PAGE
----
Sterilization to some extend can be seen to focus on a biased gender justice or Sexism. This is in the sense from Carrie Bell’s case, the forced sterilization were performed on women for unjust reasons (Witkowski 2003). These oppression to women meant that women should be chaste, while men were encouraged to be sexually promiscuous. Sadly, some women were sterilized without their consent and even worse at a tender age like below 14 without knowing, even having a child out of wedlock would have lead to sterilization (Mill 2006)

Racism was another great factor for selecting individuals for sterilization. Lombardo (2002) note that racism was a strong motivating factor for compulsory sterilization in the US. For instance in North Carolina, black American women used to be sterilized during their delivery of their first born. While on the other hand, in Alberta a large proportion of Metis women who were aboriginal people were being sterilized because government knew they had heritage of First Nations mixed with European settlers (Lombardo 2008), thus they represented miscegenation.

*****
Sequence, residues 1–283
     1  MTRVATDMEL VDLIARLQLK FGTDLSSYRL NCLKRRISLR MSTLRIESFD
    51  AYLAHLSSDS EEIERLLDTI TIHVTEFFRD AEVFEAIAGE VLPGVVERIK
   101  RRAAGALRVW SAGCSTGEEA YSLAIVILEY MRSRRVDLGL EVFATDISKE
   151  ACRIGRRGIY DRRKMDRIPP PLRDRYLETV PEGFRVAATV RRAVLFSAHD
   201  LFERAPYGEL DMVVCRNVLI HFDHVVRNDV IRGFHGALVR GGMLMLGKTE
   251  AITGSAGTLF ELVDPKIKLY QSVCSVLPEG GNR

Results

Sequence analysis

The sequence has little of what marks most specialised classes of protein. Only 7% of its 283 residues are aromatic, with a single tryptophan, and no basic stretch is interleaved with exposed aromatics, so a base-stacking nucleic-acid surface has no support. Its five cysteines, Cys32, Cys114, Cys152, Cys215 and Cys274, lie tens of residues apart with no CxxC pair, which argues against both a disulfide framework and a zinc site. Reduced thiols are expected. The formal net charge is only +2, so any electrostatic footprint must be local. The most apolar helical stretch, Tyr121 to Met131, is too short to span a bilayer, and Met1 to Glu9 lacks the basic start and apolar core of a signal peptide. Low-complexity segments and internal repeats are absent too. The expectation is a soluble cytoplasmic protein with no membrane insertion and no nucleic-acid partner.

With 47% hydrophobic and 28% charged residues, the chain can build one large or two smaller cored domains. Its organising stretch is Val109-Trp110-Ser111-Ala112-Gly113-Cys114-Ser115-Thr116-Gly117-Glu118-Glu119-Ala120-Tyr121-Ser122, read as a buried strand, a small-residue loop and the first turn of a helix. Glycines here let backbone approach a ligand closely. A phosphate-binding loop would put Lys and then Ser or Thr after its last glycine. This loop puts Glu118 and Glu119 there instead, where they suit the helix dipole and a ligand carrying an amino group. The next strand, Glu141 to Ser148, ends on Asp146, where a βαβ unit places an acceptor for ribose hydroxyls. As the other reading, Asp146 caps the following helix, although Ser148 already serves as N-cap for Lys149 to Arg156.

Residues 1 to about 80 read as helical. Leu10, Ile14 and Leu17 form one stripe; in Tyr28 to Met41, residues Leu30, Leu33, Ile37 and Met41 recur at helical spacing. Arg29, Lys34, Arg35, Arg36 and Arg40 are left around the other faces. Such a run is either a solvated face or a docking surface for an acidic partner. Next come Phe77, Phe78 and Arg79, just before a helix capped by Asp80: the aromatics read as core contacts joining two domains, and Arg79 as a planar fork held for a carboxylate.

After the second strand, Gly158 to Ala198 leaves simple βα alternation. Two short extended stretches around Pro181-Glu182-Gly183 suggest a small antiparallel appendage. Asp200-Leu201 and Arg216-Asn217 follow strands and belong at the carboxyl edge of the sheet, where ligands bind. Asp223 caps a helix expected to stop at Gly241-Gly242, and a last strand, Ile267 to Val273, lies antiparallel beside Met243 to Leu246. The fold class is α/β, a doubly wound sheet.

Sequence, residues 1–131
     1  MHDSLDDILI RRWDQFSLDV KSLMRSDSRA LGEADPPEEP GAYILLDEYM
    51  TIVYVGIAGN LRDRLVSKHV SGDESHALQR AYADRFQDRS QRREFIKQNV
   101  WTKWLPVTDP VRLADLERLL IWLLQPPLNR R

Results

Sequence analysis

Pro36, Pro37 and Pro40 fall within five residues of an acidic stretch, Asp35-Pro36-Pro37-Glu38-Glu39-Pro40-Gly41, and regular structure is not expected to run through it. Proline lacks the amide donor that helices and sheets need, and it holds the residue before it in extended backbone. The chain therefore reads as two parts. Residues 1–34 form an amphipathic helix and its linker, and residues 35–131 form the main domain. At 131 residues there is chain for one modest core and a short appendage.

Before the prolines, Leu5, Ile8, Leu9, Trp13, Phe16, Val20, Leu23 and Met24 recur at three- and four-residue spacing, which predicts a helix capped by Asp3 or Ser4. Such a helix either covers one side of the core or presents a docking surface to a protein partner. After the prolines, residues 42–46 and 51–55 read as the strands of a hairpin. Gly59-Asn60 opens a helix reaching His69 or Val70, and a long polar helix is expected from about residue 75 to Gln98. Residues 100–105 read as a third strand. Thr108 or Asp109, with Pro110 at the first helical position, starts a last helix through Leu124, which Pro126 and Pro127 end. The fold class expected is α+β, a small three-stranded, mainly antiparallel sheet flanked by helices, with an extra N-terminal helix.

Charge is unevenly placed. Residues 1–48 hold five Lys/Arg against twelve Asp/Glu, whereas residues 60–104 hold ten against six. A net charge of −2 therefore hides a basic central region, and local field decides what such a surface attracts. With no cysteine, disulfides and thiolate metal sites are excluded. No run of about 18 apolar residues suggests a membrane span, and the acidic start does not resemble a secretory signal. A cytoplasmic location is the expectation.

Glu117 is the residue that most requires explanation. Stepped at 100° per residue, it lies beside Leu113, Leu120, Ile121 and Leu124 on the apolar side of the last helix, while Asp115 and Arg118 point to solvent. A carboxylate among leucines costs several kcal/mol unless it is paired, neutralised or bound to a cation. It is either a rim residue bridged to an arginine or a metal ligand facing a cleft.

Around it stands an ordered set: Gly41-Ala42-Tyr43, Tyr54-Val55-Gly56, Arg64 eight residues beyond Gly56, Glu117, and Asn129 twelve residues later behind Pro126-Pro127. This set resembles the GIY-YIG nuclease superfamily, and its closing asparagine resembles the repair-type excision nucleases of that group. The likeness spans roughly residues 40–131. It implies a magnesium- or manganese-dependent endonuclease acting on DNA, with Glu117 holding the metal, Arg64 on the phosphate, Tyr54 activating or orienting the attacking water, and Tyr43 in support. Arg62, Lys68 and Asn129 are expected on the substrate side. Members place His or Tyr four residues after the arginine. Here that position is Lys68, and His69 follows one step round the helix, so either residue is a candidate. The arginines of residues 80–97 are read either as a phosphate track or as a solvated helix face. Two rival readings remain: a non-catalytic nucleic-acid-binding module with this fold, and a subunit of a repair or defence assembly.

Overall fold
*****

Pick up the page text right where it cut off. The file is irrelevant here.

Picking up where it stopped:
Moreover, social economic aspects were key drive for forced sterilization. Witkowski, (2003), notes that more often black poor women were sterilized against their wills. The view for sterilizing poor black persons was a blessing since it permitted a given a family to take care of the children they already had. Conclusion In conclusion, the paper has discussed the concept of sterilization on America and the target population with necessary philosophies that tried to back the justification for the forced sterilization on the minority.

However, the entire issue is made easier by todays politically-correct, which ensures that the next generation of American utopians will never know the pseudo-science which spawned Adolph Hitler’s horrific acts of ethnic cleansing was developed in American laboratories, and upheld by the highest court in the land that should be at fore front in fostering justice to all, protecting life and rights for the citizens. However, it is clear that each individual has a right, and that right allows an individual not to be sterilized without his or her consent. By dong so the birth control choice remains in our hand and ca not be deprived off: The power of choice.